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I have a function of the following form

$$ J (W) = \left\| W^T W - I \right\|_F^2 $$

where $W$ is a matrix and $\left\| \cdot \right\|_F$ is the Frobenius norm. How can I find the gradient $\nabla_W J$?

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3 Answers 3

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You can use the product rule for matrix differentiation, $$ \frac{\partial\mathrm{trace}(f(X)G(X))}{\partial X} = \left. \frac{\partial\mathrm{trace}(f(X)G(Y))}{\partial X}+\frac{\partial\mathrm{trace}(f(Y)G(X))}{\partial X}\right|_{Y=X} $$ along with the simpler identity $$ \frac{\partial\mathrm{trace}(AX)}{\partial X}=A^\top. $$

For your problem this would go as follows. First write the problem in this form: \begin{eqnarray*} J &=& \|W^\top W-I\|_F^2 \\ &=& \mathrm{trace}((W^\top W-I)^\top(W^\top W-I))\\ &=& \mathrm{trace}(W^\top WW^\top W - 2W^\top W + I) \end{eqnarray*}

The derivative can now be computed much as for a scalar function. First we split it up into two parts \begin{eqnarray*} J'(W) &=& \frac{\partial}{\partial W}\mathrm{trace}(W^\top WW^\top W - 2W^\top W + I)\\ &=& \frac{\partial}{\partial W}\mathrm{trace}(W^\top WW^\top W) - 2\frac{\partial}{\partial W}\mathrm{trace}(W^\top W)\\ &=& J_1'(W) -2 J_2'(W) \end{eqnarray*} Starting with the simplest term we have \begin{eqnarray*} J_2'(W) &=& \frac{\partial}{\partial W}\mathrm{trace}(W^\top W)\\ &=& \left. \frac{\partial}{\partial W}\mathrm{trace}(W^\top Y + Y^\top W)\right|_{Y=W}\\ &=& \left.Y + (Y^\top)^\top\right|_{Y=W}\\ &=& 2W \end{eqnarray*} And the quartic term: \begin{eqnarray*} J_1'(W) &=& \frac{\partial}{\partial W}\mathrm{trace}(W^\top WW^\top W)\\ &=& \left. \frac{\partial}{\partial W}\mathrm{trace}(W^\top W Y^\top Y + Y^\top Y W^\top W)\right|_{Y=W}\\ &=& 2\left. \frac{\partial}{\partial W}\mathrm{trace}(W^\top W Y^\top Y)\right|_{Y=W}\\ &=& 2\left. \frac{\partial}{\partial W}\mathrm{trace}(W^\top Y Y^\top Y + Y^\top W Y^\top Y )\right|_{Y=W}\\ &=& \left. 2 Y Y^\top Y + 2(Y^\top Y Y^\top ) ^\top\right|_{Y=W}\\ &=& 4 W W^\top W \end{eqnarray*} So the derivative of $J$ should be $$ J'(W) = 4 W W^\top W - 4 W = 4 W(W^\top W-I). $$

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  • $\begingroup$ Thank you very much for the detailed derivation. $\endgroup$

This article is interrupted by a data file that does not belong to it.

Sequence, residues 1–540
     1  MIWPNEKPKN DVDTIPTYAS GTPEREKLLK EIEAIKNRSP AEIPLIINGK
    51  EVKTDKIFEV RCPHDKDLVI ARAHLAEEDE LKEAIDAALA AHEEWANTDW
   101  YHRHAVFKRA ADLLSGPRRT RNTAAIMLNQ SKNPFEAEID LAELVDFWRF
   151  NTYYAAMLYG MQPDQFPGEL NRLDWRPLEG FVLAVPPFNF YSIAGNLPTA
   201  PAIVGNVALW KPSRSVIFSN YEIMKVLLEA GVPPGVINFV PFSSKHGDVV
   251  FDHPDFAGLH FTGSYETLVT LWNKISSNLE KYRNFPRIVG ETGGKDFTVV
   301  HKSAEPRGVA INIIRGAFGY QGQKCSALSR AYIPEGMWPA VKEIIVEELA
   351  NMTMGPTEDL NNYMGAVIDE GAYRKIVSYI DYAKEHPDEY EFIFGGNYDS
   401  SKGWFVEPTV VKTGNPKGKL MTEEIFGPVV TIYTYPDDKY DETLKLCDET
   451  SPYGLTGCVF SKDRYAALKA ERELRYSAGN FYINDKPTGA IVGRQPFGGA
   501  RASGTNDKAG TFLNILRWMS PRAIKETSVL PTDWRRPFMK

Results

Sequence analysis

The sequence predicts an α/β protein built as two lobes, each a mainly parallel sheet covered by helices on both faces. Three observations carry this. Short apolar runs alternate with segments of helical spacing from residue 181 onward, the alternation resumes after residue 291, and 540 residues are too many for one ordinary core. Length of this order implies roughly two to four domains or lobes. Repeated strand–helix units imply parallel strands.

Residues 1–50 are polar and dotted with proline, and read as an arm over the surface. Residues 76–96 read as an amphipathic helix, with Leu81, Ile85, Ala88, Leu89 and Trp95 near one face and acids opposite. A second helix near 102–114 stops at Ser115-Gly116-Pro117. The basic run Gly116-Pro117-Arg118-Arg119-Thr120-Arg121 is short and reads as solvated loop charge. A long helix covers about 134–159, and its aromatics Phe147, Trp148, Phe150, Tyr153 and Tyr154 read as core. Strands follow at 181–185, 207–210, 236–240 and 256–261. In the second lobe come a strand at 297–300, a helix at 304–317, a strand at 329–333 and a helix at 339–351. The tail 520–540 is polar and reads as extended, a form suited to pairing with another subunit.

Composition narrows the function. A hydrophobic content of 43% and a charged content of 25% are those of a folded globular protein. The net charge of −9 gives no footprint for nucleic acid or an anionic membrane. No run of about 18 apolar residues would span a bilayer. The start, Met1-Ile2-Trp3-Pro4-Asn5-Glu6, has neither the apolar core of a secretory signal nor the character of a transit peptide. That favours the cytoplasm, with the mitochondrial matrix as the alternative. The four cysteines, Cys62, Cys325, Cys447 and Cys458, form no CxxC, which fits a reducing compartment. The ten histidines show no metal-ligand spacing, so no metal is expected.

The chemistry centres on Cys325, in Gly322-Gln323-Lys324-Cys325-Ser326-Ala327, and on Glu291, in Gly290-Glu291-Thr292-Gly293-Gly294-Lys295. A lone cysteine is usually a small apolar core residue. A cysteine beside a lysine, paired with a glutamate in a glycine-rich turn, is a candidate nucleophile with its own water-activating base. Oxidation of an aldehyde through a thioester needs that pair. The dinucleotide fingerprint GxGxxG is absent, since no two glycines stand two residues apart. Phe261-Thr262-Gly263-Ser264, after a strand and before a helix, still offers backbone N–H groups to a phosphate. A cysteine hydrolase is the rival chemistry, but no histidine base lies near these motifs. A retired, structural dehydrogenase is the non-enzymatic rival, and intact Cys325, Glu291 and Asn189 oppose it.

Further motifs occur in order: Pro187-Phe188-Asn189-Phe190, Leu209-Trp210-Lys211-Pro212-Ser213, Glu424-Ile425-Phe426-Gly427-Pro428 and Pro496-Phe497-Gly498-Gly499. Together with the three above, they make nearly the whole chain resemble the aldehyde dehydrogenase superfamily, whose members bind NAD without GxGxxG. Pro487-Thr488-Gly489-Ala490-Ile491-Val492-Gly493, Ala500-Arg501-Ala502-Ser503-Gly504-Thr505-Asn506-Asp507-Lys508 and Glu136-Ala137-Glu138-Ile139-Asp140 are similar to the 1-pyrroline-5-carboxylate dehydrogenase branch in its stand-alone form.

– user570593
    Jan 30, 2015 at 11:26
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$ \def\LR#1{\left(#1\right)} \def\op#1{\operatorname{#1}} \def\trace#1{\op{Tr}\LR{#1}} \def\qiq{\quad\implies\quad} \def\p{\partial} \def\grad#1#2{\frac{\p #1}{\p #2}} $For typing convenience, define the matrix variable $$\eqalign{ X &= \LR{W^TW - I} \qiq dX = \LR{W^TdW+dW^TW} \\ }$$ and the Frobenius product (which is a product notation for the trace) $$\eqalign{ A:B &= \sum_{i=1}^m\sum_{j=1}^n A_{ij}B_{ij} \;=\; \trace{A^TB} \\ A:A &= \|A\|^2_F \qquad \{ {\rm Frobenius\;norm} \} \\ }$$ Write the $J$ function using the above notation. Then calculate its differential and gradient. $$\eqalign{ J &= X:X \\ dJ &= 2X:dX \\&= 2X:\LR{W^TdW+dW^TW} \\&= 2\LR{X+X^T}:W^TdW \\&= 4WX:dW \\ \grad{J}{W} &= 4WX \\ }$$

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Assuming the norm comes from real inner-product. The derivative of the norm can be found as $$\left.\frac{d}{dt}\right|_{0}\|(W+tH)^T(W+tH)-I\|^{2}\\ =\left.\frac{d}{dt}\right|_{0}\langle (W+tH)^T(W+tH)-I,(W+tH)^T(W+tH)-I\rangle\\ =2\langle W^TW-I,H^TW+W^TH\rangle$$

We now use the definition of adjoint corresponding to a simple matrix transpose for real matrices, $\langle Ax,y\rangle=\langle x,A^Ty\rangle$ and similarly for the operators acting from the right; as well as again the symmetry of the real inner product, we find that the two H-linear terms are in fact the same: $$ \langle W^TW-I,W^TH\rangle=\langle W(W^TW-I),H\rangle $$ $$ \langle W^TW-I,H^TW\rangle=\langle H(W^TW-I),W\rangle\\=\langle H,W(W^TW-I)^T\rangle\\ =\langle H,W(W^TW-I)\rangle\\ =\langle W(W^TW-I),H\rangle $$ Summing up, the derivative is the linear map $$ 4\langle W(W^TW-I),H\rangle $$ Then, and only because we have the inner product, we can write the gradient vector: $$\frac{\partial J}{\partial W}=4W(W^TW-I)$$

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